Mr. Laws: I am not sure whether I should be completely reassured by what the Minister has said. I think that I need time to read his rather hastily read comments and to establish whether I should be reassured or whether I should not be hoodwinked. As I need that deliberation time, I beg to ask leave to withdraw the amendment.
Amendment, by leave, withdrawn.
Mr. Laws: I beg to move amendment No. 174, in clause 25, page 14, line 5, at end add—
‘(8) This section shall not come into force until the Secretary of State has published guidance.’.
I think that I can also deal with this amendment in a short time. The clause is quite significant. Subsection (3) specifies some elements that must be taken into account by the employer in relation to the needs of the person who is required
“to fulfil the duty imposed by section 2”.
They may also take into account
“the circumstances of the employer’s business”
and
“the effect of the person’s absence from work on the running of that business.”
Those matters are all potentially complex in terms of making judgments and it is not obvious to me how those judgments would be made.
Amendment No. 174 would require that the subsection shall not come into force until guidance has been published in relation to the clause. That would also give us a better clue to answering some of the questions posed by subsection (3). I wanted to find out from the Minister whether there is a plan to publish such guidance or whether it is already available somewhere and I have missed it.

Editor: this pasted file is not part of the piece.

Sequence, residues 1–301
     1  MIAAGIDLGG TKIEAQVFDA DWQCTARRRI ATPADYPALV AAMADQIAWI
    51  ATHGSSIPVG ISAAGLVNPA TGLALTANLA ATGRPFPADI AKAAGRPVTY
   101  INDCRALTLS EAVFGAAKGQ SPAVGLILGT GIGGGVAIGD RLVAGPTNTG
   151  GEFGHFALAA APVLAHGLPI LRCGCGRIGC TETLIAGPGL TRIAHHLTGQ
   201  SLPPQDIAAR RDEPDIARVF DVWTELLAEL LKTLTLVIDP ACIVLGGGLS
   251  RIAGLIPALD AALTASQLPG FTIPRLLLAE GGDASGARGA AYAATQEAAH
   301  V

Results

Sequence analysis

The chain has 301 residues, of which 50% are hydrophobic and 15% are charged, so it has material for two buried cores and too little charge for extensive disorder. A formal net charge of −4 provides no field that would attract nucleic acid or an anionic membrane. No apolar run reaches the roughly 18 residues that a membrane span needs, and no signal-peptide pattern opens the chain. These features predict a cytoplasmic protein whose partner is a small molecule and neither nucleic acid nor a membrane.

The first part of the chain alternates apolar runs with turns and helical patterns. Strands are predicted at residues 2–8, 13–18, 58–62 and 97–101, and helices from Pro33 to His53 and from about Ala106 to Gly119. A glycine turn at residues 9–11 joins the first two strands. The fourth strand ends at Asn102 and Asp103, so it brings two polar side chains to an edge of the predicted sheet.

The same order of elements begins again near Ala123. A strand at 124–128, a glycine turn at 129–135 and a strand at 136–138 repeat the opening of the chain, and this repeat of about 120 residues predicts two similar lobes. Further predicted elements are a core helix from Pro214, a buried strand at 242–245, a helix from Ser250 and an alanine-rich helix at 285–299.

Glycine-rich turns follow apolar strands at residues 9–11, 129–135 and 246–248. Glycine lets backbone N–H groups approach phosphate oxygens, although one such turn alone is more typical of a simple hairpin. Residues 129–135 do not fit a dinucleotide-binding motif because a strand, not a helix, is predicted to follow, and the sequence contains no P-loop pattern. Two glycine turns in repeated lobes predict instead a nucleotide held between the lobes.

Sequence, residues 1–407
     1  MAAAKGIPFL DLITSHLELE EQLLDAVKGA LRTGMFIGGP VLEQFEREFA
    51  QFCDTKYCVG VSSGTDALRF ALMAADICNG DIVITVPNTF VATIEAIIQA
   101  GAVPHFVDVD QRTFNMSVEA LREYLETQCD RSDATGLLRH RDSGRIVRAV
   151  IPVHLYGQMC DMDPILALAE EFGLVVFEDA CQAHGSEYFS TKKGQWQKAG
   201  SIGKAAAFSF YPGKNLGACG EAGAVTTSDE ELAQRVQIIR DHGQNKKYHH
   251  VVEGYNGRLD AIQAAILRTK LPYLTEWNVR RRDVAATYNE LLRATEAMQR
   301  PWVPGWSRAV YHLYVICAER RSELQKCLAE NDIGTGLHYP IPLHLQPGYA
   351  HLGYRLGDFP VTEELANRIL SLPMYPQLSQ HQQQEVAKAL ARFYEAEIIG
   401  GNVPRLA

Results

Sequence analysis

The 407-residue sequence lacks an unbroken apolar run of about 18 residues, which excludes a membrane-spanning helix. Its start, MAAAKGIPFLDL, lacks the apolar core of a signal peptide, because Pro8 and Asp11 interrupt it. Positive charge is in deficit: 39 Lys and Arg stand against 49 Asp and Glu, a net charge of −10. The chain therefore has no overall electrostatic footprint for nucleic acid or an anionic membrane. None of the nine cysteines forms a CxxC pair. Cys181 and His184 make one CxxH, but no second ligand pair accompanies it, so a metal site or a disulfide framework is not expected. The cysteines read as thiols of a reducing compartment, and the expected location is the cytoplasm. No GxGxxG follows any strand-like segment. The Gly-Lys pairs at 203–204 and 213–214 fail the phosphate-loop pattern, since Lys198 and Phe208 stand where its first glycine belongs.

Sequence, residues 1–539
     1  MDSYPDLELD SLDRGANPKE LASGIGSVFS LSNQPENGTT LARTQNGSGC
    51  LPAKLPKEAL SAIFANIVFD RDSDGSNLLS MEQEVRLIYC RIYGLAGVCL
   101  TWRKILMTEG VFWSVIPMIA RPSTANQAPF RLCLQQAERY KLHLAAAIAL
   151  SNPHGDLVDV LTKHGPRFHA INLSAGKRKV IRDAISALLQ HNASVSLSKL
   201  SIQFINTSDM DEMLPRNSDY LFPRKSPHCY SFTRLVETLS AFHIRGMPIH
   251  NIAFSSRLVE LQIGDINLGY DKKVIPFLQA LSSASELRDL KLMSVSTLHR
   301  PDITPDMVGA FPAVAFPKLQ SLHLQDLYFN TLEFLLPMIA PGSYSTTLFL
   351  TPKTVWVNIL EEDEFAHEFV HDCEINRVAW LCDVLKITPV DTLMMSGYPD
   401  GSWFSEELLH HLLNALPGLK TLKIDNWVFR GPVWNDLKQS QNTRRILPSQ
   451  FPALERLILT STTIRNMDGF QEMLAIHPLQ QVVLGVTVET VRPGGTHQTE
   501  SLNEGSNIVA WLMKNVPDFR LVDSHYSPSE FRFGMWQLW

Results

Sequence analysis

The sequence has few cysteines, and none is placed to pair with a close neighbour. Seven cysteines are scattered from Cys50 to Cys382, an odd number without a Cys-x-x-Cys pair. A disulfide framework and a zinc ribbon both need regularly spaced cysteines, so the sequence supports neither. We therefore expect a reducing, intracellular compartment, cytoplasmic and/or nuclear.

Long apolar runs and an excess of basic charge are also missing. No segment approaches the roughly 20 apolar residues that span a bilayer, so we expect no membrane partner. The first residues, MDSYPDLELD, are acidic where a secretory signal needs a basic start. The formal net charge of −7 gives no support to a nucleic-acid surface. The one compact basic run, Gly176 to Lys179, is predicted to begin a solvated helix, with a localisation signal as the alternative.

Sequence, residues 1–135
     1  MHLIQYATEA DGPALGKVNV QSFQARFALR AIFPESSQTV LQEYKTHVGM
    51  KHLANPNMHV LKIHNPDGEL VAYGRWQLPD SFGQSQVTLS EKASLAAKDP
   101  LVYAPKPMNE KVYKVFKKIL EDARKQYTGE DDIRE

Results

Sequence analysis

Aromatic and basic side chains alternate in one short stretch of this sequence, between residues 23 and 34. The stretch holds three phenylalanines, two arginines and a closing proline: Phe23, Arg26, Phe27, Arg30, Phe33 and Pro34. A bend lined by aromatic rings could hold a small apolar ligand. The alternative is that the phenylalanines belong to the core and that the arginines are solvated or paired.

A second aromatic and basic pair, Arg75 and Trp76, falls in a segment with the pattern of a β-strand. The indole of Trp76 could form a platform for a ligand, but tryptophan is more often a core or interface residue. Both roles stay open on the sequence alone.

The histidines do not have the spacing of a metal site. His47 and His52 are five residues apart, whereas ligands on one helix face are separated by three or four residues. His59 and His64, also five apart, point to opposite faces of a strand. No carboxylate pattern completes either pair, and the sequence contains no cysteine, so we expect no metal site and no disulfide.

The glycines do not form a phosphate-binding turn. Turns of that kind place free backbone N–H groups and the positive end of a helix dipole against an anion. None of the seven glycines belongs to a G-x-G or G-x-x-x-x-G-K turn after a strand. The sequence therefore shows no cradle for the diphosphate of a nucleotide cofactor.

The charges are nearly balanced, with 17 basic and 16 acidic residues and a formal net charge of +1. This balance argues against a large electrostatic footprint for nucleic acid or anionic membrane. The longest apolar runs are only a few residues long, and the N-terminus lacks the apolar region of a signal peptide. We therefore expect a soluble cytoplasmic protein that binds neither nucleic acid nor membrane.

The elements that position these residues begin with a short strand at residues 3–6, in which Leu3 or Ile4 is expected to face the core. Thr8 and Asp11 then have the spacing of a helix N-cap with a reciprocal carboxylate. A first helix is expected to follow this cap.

7.15 pm
Jim Knight: I am grateful to the hon. Member for Yeovil for giving me the opportunity to clarify for the Committee that we intend to issue guidance to employers, so that they know how to fulfil their duties. I think that I mentioned that earlier. We do not believe that the duty will be an excessive burden on employers and we would not want there to be any suggestion that one of the employers’ duties might not come into force at the same time as all the other duties set out in the Bill, as that would reduce the impact of the policy. Naturally, as we are going to discuss in clauses 29 and 30, there are mechanisms to withdraw enforcement notices to ensure that employers are treated fairly. On the basis of that reassurance, I hope that the hon. Gentleman will withdraw his amendment.